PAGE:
We've written a response to an article in The Guardian by Rebecca Cotton, Director of Mental Health Policy for the NHS Confederation's Mental Health Network.
Rebecca's article provides some helpful advice for Simon Stevens, the incoming chief of NHS England, on what he needs to do for mental health.
To see the article please click on: http://www.theguardian.com/society/2014/mar/26/mental-health-investment-not-cuts-nhs-simon-stevens.
'We wish Simon Stevens well as he takes over from as Chief Executive of NHS England at a time of unparalleled challenge. Not the least of his problems will be how to steer a course through the forecast £30 billion budget gap. And, while one can only speculate at this stage on what course he may take, mental health must not remain the poor relation of physical health.
In early March we heard NHS England and Monitor recommended cutting funding for mental health services by 20% more than for acute hospitals. There can be no doubt at a time when more and more people are experiencing mental health problems and the suicide rate remains alarmingly high, that even more people will suffer and lives are likely to be lost as a result of these cuts.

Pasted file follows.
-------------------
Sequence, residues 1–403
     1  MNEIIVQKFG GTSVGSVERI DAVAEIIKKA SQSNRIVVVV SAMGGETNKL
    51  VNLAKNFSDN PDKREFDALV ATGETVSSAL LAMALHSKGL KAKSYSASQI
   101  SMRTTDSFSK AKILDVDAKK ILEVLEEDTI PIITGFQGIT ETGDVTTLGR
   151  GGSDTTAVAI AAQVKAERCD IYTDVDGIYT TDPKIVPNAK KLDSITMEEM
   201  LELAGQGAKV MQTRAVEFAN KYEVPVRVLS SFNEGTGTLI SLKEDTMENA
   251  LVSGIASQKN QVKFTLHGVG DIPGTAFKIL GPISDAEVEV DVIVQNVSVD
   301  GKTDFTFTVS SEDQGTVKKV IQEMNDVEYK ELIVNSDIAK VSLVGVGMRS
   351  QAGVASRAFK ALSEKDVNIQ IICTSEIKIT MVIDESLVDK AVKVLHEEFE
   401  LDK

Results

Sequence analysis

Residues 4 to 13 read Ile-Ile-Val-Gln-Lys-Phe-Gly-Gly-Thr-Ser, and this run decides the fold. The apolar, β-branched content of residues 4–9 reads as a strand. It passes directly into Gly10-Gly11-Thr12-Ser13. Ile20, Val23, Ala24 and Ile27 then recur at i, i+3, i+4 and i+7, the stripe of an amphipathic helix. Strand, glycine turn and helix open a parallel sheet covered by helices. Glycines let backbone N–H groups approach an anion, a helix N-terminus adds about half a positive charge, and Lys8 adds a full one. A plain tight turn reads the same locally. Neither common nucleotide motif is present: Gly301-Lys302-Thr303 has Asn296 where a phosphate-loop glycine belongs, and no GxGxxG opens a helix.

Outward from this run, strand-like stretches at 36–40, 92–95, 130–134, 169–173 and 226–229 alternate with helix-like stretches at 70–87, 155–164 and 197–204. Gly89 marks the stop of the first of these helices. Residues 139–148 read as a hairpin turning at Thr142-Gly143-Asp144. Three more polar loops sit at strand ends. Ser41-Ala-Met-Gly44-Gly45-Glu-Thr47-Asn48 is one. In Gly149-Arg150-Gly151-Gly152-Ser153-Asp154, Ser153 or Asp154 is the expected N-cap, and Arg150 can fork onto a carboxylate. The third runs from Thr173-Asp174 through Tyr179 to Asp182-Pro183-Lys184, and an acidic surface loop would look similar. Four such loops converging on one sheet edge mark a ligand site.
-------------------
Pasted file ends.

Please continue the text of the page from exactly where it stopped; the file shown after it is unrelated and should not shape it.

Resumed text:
Yet – publically and officially at least – NHS England states it is firmly committed to making sure mental and physical health are treated in the same way.
The British Psychoanalytic Council is not alone in thinking something doesn’t add up. The entire mental health sector has been united in staunch opposition to the recommended cuts. At today’s NHS Confederation Mental Health Network conference, Norman Lamb has stated that mental health providers must challenge unfair funding and hold their ground.
Rebecca Cotton is right to point the way towards more targeted investment in mental health services. It leads to better health outcomes and makes more long-term economic sense than more cuts. There are areas absolutely ripe for investment. It is generally accepted today, for instance, that the NHS’s psychological therapies programme needs to be extended to embrace a range of therapies more suited to treating people with complex mental health conditions such as personality disorders.
We hope Simon Stevens ensures that NHS England delivers on its commitment towards mental health and we are keen to know how the Government will hold NHS England to account.
Gary Fereday, Chief Executive, British Psychoanalytic Council'